To cause something is to bring it about. To precipitate something is to accelerate its occurrence, or to bring it about prematurely, hastily, or suddenly. As you might expect, this verb is usually used to talk about undesirable or even perilous outcomes: crises, collapses, disasters, and downfalls are all things that are precipitated. On occasion, you’ll hear it used to discuss swift change that is favorable, but more often than not precipitate connotes a steep downward trajectory.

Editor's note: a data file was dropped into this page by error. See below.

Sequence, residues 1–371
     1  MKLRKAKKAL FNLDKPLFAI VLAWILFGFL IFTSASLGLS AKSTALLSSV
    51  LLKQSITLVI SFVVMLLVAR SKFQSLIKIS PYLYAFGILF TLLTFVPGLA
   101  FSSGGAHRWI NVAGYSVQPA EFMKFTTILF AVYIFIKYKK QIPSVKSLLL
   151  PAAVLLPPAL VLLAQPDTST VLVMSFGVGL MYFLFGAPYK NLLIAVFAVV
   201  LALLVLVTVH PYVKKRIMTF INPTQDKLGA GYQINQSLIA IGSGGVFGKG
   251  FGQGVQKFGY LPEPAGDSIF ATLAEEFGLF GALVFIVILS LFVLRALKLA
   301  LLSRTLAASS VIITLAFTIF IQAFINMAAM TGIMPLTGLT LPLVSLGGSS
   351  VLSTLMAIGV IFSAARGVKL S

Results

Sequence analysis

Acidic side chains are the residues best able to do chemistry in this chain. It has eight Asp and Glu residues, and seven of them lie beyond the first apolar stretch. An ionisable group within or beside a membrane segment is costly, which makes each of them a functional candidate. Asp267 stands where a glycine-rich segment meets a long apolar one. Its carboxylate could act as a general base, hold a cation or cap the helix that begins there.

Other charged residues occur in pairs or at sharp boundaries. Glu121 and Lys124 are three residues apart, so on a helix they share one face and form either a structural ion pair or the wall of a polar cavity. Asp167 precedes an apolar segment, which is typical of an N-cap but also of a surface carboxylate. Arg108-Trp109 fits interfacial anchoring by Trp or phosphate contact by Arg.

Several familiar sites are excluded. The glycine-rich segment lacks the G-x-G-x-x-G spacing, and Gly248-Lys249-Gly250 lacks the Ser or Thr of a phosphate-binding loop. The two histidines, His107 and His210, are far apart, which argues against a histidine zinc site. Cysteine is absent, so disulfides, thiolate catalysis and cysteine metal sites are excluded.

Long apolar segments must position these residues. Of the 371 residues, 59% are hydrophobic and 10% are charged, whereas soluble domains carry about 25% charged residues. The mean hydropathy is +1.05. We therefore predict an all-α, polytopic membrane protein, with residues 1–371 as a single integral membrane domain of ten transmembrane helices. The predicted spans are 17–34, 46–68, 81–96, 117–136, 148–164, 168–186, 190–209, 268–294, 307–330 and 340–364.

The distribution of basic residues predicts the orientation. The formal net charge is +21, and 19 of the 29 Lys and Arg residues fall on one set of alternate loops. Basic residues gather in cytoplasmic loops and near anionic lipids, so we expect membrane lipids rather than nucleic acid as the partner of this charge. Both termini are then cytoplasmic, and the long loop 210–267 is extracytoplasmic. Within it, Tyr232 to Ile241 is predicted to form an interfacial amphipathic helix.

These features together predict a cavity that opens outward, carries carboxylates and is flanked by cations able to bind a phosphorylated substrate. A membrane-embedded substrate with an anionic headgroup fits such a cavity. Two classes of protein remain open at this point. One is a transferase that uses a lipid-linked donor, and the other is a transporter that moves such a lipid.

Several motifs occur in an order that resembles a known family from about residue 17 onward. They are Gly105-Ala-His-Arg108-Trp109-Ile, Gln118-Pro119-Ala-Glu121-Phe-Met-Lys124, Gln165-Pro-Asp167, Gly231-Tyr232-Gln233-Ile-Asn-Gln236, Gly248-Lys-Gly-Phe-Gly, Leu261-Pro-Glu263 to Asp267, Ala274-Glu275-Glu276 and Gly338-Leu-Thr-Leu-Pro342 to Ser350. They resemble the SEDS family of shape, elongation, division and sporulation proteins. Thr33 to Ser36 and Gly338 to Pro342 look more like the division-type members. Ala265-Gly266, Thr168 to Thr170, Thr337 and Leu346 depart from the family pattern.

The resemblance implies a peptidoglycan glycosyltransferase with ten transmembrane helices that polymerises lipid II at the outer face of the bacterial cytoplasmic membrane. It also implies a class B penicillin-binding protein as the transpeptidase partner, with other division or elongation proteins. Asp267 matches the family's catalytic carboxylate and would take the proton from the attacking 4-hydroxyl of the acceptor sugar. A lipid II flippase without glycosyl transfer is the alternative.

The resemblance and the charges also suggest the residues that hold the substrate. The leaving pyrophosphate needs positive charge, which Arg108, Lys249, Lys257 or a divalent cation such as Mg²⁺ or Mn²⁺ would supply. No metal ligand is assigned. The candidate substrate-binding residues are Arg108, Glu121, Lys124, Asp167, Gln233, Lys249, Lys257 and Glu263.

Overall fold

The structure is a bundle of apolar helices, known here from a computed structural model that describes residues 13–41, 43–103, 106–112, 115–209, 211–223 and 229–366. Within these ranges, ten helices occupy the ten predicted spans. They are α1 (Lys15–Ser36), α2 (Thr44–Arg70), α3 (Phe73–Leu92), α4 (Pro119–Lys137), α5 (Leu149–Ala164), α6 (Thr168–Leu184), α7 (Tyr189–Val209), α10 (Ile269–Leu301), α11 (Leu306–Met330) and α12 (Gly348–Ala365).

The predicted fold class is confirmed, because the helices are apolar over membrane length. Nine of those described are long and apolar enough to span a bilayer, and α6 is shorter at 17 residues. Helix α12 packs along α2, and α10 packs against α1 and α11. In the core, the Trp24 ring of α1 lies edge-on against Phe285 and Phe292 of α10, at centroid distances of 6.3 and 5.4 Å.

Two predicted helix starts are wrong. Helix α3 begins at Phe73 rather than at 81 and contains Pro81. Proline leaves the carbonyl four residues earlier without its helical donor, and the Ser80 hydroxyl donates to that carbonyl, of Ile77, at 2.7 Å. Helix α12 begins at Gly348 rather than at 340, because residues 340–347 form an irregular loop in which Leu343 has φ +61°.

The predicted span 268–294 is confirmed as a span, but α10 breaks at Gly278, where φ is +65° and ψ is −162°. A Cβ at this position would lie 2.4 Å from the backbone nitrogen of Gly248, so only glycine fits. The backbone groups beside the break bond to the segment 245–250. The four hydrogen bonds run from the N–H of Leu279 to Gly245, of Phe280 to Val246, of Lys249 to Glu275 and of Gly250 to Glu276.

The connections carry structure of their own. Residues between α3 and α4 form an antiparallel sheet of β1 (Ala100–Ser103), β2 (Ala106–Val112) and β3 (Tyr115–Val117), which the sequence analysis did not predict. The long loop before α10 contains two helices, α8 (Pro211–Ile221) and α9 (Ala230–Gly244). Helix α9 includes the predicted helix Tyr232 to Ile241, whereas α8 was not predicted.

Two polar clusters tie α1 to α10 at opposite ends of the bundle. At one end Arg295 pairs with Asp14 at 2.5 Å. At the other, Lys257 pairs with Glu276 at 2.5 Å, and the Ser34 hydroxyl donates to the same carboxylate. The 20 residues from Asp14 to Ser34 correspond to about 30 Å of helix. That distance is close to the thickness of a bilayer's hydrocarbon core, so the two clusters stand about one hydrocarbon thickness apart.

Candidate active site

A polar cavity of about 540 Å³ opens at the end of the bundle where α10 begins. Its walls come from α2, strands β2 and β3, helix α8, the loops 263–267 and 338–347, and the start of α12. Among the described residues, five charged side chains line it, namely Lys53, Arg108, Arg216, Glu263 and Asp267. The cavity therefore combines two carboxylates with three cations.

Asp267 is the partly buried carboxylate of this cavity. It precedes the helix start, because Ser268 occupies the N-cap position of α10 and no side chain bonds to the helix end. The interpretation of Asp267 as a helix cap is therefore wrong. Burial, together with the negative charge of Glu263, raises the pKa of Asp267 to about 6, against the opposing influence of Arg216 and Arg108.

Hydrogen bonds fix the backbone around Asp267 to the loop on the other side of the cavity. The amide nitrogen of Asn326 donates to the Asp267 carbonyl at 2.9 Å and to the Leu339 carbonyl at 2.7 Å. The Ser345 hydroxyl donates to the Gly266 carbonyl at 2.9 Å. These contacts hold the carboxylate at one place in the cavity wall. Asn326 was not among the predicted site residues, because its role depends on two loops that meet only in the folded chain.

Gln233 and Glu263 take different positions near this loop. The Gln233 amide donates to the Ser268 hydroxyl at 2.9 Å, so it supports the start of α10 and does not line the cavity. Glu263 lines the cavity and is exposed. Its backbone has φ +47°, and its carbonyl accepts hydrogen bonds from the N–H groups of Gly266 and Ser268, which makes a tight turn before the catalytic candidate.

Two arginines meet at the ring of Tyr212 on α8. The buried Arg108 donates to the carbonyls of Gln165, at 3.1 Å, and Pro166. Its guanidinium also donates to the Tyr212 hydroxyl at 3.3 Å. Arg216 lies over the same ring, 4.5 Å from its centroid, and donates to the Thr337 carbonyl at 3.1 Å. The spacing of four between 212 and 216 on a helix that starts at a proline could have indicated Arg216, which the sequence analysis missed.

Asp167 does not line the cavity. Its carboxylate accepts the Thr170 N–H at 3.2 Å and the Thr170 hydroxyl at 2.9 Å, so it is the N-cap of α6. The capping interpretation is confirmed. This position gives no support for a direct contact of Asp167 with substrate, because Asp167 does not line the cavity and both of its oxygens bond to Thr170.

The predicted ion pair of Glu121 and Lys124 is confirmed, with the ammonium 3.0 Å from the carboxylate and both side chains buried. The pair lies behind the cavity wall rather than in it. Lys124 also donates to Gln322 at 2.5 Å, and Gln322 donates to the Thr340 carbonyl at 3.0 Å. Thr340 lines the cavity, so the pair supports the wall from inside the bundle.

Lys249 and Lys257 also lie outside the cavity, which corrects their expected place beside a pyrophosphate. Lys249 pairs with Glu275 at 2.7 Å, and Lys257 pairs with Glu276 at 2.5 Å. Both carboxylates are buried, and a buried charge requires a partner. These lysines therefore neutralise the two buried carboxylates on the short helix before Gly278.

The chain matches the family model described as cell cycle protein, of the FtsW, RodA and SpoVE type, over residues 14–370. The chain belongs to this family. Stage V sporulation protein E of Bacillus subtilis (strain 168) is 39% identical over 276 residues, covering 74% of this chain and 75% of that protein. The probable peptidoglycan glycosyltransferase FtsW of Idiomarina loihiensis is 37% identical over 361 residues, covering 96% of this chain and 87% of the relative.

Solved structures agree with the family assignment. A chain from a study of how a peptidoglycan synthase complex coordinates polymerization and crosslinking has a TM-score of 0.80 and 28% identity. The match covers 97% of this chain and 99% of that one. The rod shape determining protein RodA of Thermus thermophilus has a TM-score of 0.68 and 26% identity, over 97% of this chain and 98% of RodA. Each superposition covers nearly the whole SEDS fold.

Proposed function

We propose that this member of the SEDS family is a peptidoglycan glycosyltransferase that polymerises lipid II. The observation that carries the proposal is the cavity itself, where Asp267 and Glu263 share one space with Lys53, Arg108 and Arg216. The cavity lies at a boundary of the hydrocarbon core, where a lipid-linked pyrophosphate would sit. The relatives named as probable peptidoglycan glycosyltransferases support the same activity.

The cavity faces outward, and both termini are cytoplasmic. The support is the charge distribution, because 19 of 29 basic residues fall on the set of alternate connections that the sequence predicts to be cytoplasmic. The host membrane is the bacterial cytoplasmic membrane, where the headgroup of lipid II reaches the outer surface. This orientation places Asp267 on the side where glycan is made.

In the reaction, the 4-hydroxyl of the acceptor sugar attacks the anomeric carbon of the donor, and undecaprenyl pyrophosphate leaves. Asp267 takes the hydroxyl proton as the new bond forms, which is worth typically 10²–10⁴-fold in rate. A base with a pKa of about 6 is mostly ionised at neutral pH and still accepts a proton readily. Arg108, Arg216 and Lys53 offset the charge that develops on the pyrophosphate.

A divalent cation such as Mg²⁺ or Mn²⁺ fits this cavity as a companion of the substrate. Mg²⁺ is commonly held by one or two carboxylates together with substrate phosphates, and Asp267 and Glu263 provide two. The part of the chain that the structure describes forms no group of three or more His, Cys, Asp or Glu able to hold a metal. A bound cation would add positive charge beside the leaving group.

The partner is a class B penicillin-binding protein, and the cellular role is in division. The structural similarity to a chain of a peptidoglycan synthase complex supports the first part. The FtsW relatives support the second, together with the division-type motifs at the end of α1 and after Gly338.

The terms furthermore and moreover are both transition words, meaning they help connect one idea to another. What's more, they both indicate something additional to what has already been stated. Moreover adds emphasis to the idea that came before it, usually introducing something particular or important (not an afterthought). But neither of these terms is commonly used in speech where shorter, less formal options do the trick.
To improve something is to make it more desirable in some way. To revamp something is to renovate, redo, or revise it. Revamp comes from the verb vamp, which in its earliest uses meant “to repair (a shoe or boot) with a new vamp.” The noun vamp here refers to the portion of a shoe or boot upper that covers the instep and toes. Revamp entered English with its own footprint, but the idea of making something old new remains central to its meaning.